SALEM, NH - StockerYale Inc., the designer and manufacturer of LED systems and diode-based laser modules for industry leading OEMs, has changed its name to ProPhotonix Limited, with immediate effect. The name change is to reflect the company’s track record for innovations in optics technology for both LED systems and diode-based lasers. In accordance with the change of name the company’s ticker will be changed in due course.
“Following last year’s sale of the company’s North American operations combined with our increased focus on leveraging our LED technology into new, much larger markets not previously addressed by the company, we believe adopting a new name and brand identity is a logical next step in our growth strategy,” says Mark W. Blodgett, chairman and CEO of ProPhotonix.
“The new name gives customers, suppliers, and investors a clearer definition of what we do and the direction we intend to pursue. While the StockerYale brand is well known in the machine vision industry, it does not clearly reflect that we are a technology company, developing and manufacturing unique LED and laser module products for the medical, defense and industrial markets.”
ProPhotonix Limited is an independent designer and manufacturer of diode-based laser modules and LED systems for industry leading OEMs. In addition, the company distributes premium diodes for Opnext, Sanyo and Sony. The company serves a wide range of markets including the machine vision, industrial inspection, defense, sensors, and medical markets. ProPhotonix has offices and subsidiaries in the United States, Ireland and Europe.
On June 3, the Department of Energy (DOE) issued a notice of noncompliance for three manufacturers of evaporative coils: Summit Manufacturing, Aspen Manufacturing, and Advanced Distributor Products (ADP). In response, all three companies stated that there were errors in the data used by DOE to evaluate their compliance with federal energy conservation standards, and that they did not distribute any noncompliant models to consumers.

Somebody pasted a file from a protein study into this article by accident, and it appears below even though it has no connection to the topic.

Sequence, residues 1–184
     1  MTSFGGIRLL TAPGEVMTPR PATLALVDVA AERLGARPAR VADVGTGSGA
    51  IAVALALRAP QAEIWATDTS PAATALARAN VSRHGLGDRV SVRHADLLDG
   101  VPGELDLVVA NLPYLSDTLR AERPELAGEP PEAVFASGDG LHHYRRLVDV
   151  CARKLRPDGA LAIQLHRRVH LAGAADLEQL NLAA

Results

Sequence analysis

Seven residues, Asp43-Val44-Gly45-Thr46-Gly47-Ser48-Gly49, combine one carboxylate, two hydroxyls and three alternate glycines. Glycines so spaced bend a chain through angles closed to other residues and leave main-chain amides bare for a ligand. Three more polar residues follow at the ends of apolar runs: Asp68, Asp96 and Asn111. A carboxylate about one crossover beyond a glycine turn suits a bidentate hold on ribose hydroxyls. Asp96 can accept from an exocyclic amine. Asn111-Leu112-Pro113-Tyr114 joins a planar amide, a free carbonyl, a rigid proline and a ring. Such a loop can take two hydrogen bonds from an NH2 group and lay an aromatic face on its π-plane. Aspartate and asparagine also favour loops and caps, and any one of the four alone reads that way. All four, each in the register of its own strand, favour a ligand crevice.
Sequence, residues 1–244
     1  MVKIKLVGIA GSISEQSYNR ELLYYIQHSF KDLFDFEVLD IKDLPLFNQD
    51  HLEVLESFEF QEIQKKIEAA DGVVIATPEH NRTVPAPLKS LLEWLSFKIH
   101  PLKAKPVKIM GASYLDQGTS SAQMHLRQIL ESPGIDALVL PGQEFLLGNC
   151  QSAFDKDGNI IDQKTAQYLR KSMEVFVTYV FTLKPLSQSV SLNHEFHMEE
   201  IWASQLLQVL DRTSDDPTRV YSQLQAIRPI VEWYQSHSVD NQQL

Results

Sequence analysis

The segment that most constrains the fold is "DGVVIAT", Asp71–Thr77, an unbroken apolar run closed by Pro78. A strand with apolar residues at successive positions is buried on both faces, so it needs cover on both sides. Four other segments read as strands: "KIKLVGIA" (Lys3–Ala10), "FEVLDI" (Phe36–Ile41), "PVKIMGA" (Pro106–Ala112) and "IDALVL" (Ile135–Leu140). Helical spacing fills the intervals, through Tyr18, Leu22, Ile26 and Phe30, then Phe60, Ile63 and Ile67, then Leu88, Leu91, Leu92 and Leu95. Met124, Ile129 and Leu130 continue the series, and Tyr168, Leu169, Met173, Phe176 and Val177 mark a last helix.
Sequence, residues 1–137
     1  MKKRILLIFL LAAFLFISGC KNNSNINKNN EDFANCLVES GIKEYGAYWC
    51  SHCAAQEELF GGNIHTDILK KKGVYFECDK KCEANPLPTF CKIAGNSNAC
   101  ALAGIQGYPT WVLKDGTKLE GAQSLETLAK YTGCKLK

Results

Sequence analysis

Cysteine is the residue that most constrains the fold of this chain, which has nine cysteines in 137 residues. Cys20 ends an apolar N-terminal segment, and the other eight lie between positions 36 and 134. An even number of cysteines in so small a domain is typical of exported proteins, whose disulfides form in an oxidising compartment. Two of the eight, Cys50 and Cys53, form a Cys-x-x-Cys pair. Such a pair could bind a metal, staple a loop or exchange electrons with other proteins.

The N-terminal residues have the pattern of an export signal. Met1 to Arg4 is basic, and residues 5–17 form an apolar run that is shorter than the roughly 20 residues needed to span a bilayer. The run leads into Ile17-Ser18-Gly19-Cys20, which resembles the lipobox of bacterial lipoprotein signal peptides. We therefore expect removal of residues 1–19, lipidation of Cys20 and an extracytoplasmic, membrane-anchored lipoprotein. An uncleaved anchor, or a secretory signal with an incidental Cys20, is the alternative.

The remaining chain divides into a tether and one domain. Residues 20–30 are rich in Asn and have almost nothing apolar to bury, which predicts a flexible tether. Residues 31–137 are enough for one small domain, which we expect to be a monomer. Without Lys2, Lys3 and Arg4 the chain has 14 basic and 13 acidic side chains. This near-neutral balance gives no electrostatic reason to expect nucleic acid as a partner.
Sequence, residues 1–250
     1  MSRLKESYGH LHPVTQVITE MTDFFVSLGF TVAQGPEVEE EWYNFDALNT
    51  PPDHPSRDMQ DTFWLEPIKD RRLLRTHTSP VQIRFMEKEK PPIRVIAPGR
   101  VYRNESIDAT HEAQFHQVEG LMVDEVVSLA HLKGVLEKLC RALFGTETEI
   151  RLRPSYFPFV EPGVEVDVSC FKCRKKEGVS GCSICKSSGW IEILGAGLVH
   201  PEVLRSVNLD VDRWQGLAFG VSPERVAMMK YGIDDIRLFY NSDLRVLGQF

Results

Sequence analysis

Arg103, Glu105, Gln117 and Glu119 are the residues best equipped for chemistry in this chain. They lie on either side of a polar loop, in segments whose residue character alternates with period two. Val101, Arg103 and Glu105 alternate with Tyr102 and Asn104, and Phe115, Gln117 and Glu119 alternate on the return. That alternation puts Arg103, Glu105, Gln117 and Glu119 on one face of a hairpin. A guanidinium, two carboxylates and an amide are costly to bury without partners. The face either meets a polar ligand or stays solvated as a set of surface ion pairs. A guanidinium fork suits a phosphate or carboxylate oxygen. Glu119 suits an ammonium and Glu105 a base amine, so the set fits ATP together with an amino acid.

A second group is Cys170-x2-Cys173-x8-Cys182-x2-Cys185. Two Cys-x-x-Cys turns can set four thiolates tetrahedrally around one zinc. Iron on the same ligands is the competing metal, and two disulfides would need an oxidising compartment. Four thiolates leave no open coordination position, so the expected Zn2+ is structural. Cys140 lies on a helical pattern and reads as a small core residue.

According to DOE’s press release, the department determined that 61 heat pump models and 1 air conditioner model manufactured by Summit, Aspen, and ADP did not comply with federal energy conservation standards. DOE determined that these models were noncompliant based on certification information submitted by the Air-Conditioning, Heating, and Refrigeration Institute (AHRI) on behalf of the manufacturers. But the manufacturers responded that some of the information in the AHRI database was entered incorrectly by the companies, which made it appear that they were selling noncompliant units.
As part of its action, DOE ordered the manufacturers to stop selling the cited units, and to notify all of their customers that had been sold those units. Currently, the manufacturers are in the process of confirming that they did not distribute any noncompliant models to customers and communicating with DOE to clarify their compliance with federal energy standards.
Steve Yurek, president and CEO of AHRI, said, “We are disappointed that despite our continuous efforts, the Department of Energy continues to issue notices of noncompliance to manufacturers for alleged violations of federal minimum efficiency standards when a simple inquiry would clarify the issues.”